I did not think the Board could or would be able to come up with a single set of accounting standards which would be workable for private companies or they even felt they should.
Lastly, complexity in general is unfavorable to the preparer community as it requires additional costs and resources to accommodate. Rarely [d]o preparers feel that the cost justifies the perceived benefit. The framework helps guide the maintenance of a single set of standards.
An especially key point in the letter authored by CGF Private Equity’s Exline, in my view, is where he notes that during times of frustration with FASB standards:
o Discussions amongst my peers at this time were around “how many exceptions before we are out of GAAP compliance?’” This basically means that if private companies felt that certain GAAP standards were too complex and or non-useful to implement, they could, if the users of their financial statements such as lenders and others would accept them, and if their auditors concurred, issue financial statements that state they are in accordance with GAAP, with certain specified ‘exceptions.’
The potential increase in such ad hoc, and yet increasingly widespread, ‘exceptions’ to GAAP, used as a coping mechanism by some private companies and presumably acceptable to the users of their financial statements (particularly if those users do not need to see certain complex calculations, estimates, disclosures and other measurement techniques required by GAAP, if the resulting information does not reflect key metrics that the user relies on for their purposes, such as, e.g., cash flow, or if alternative information available directly from management would suffice to make the user comfortable with the exceptions taken by the company to GAAP, even as that results in a qualified audit opinion, when considered by the company and the user on the basis of cost-benefit and usefulness).
Of particular concern is that if there is an increasing prevalence of ad hoc ‘exceptions’ to GAAP, expressing a preference for taking those exceptions even at risk of a qualified (rather than an unqualified) audit opinion. This raises the question as to the meaning or value of having one purported set of ‘GAAP,’ vs. the potential for a more generally agreed-upon set of exceptions to GAAP that better meet the needs of private companies and their users, such as may be possible through the FAF’s Planned PCSIC, subject to the FAF’s redeliberation following their analysis of comment letters and feedback received at a series of public roundtables on the FAF Plan,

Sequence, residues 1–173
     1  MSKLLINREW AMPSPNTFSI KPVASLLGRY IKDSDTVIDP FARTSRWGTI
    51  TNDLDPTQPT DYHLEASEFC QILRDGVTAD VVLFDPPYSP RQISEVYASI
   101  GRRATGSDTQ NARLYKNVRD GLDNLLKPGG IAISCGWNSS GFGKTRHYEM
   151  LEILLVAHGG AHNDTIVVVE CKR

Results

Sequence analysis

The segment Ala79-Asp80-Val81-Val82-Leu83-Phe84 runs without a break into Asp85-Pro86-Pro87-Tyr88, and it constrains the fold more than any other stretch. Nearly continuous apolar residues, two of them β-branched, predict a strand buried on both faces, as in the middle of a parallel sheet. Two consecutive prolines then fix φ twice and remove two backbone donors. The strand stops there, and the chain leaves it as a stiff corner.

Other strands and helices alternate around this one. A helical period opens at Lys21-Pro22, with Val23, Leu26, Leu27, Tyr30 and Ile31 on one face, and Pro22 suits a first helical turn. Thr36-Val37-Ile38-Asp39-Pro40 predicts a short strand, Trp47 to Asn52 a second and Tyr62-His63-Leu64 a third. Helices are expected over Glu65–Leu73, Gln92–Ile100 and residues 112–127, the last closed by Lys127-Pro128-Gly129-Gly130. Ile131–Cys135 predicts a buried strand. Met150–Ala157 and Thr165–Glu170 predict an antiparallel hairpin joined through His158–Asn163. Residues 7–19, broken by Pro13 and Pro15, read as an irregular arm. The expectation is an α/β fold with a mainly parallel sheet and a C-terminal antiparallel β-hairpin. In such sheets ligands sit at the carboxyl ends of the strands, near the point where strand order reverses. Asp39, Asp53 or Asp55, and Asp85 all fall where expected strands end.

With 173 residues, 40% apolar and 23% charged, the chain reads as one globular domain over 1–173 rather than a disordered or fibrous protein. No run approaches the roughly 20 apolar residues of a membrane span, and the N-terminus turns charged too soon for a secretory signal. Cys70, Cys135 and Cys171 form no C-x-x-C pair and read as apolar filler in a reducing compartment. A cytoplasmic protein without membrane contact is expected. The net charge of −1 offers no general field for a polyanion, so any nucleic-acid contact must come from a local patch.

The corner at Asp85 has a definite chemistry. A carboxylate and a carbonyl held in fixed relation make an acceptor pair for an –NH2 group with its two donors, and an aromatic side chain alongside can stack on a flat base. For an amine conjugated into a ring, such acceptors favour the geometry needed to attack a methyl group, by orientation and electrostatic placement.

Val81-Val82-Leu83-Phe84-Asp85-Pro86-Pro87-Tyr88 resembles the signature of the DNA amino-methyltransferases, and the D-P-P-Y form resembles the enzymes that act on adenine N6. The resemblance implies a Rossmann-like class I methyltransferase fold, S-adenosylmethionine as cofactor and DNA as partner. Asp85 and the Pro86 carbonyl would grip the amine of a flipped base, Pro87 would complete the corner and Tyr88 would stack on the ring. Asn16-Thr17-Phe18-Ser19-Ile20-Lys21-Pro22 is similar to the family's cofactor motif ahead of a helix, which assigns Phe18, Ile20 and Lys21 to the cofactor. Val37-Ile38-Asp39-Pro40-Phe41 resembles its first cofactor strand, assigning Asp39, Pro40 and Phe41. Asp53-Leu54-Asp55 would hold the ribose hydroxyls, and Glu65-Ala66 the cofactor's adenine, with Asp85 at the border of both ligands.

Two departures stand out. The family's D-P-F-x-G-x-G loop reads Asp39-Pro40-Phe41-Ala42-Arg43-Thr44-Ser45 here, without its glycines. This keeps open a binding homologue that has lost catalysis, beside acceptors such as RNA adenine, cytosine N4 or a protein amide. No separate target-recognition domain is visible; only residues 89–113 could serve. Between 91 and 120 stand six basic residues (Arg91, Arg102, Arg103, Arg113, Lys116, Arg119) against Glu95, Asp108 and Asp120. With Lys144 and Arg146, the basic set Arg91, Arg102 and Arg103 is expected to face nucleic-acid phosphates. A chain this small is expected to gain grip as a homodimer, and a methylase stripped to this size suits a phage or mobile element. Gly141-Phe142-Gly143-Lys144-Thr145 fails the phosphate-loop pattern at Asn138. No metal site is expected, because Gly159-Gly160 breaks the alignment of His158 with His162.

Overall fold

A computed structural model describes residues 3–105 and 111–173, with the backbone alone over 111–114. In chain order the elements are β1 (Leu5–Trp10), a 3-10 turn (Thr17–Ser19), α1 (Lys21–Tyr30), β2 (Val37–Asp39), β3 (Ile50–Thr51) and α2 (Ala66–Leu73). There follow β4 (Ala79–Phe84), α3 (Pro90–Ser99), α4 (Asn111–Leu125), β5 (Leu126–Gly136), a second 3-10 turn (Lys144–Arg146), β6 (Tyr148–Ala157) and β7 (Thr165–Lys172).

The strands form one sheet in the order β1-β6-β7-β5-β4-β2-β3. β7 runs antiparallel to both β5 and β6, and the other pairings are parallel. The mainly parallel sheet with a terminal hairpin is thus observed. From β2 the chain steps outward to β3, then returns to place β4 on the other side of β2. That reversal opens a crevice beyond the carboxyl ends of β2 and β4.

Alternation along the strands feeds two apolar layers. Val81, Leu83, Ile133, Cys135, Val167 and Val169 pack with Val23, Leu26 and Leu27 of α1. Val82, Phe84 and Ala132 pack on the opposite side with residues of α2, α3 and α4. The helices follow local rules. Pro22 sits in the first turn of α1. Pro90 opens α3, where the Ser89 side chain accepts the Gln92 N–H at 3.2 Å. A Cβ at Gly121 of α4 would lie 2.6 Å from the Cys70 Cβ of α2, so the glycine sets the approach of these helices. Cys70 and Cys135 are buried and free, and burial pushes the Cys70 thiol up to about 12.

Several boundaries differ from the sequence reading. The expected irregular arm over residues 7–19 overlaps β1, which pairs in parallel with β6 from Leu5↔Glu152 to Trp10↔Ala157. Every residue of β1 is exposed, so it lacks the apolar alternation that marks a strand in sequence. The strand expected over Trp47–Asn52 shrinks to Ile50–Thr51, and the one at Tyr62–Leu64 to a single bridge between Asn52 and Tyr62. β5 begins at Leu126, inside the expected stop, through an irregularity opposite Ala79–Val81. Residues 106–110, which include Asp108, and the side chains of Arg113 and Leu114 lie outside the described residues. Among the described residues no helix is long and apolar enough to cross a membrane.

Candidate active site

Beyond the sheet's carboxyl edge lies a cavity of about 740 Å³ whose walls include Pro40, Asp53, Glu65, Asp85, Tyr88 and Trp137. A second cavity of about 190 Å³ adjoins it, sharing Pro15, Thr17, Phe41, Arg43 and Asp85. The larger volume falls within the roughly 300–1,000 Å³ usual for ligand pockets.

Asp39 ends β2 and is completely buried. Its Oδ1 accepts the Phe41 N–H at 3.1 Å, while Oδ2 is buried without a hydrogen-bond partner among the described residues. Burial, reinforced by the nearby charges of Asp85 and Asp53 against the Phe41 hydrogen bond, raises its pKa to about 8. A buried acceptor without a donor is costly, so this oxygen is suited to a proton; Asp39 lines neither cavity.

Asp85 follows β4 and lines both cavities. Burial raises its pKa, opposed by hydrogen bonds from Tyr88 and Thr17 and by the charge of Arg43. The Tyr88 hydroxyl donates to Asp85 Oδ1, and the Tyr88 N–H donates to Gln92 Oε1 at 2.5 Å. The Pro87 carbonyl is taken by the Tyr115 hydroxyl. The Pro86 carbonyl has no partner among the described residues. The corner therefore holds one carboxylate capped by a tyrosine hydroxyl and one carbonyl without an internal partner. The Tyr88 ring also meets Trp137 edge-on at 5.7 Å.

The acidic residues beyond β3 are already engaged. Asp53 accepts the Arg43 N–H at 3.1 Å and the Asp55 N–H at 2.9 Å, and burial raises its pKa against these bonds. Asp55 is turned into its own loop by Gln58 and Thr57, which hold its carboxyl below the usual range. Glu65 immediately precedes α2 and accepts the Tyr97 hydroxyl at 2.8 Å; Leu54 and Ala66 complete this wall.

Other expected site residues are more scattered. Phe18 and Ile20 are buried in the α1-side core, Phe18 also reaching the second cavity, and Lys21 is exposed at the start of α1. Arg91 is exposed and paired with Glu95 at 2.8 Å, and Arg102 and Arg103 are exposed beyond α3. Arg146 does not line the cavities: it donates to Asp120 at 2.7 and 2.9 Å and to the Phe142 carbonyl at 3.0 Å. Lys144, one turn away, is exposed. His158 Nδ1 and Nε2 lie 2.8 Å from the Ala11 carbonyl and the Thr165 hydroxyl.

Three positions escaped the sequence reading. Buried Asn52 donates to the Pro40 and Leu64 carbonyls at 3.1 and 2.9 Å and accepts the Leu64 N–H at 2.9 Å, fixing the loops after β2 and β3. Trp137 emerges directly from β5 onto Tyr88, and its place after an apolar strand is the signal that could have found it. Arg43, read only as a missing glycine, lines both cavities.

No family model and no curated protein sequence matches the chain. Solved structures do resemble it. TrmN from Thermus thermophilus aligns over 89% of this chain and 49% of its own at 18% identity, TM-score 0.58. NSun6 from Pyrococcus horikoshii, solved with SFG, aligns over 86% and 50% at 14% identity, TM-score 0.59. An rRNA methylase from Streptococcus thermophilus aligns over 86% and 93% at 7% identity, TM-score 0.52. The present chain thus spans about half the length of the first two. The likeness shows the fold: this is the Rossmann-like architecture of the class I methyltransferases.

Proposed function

(The first of the public roundtables took place yesterday; archived recordings will be posted on FAF’s website.
Carl Chatto, CPA
This very issue of the willingness of private companies and the users of their financial statements to take and accept exceptions to GAAP, even as resulting in a qualified audit opinion, was addressed in another letter, Comment letter #269, by Carl Chatto, a CPA
Chatto’s individual (non-form) letter includes some of the form letter wording, but differentiates itself in some of the detail provided on particular points, including the issue of the use of ad hoc exceptions to GAAP today resulting in unqualified audit opinions.
Referencing the ‘systemic problem’ in standard setting and calling for formation of an entirely separate standard setting board for private company standards, akin to the AICPA and form-letter position, Chatto, a CPA, concludes that ‘Differential standards and an autonomous standard-setting body dedicated exclusively to private company financial reporting are needed now.”
Here are some highlights from Chatto’s letter (bulleted below for ease of reading):
o It’s telling that in my firm’s practice covering much of New England, we have clients who have taken qualified audit opinions rather than incur the time and expense to comply with standards that have no discernible benefit, such as variable interest entities and goodwill impairment reviews.
o Also, lenders and owners are increasingly unconcerned about qualified audit opinions.
o If accounting standards become diluted in this way, the entire profession runs the risk that standard will not be ‘generally accepted’ but rather ‘generally unacceptable.’
The points above add urgency to the need to address private company standard setting in some manner, and cogently express some of the driving forces behind why the FAF, in conjunction with NASBA and the AICPA, cosponsored the Blue Ribbon Panel, and why, as a follow-on measure to their study of the Blue Ribbon Panel report and other feedback received (such as through the FAF’s earlier ‘listening tour’) the FAF released its Plan to form a PCSIC to improve standard-setting for private companies, and has been actively seeking feedback through comment letters, the public roundtables, and other input.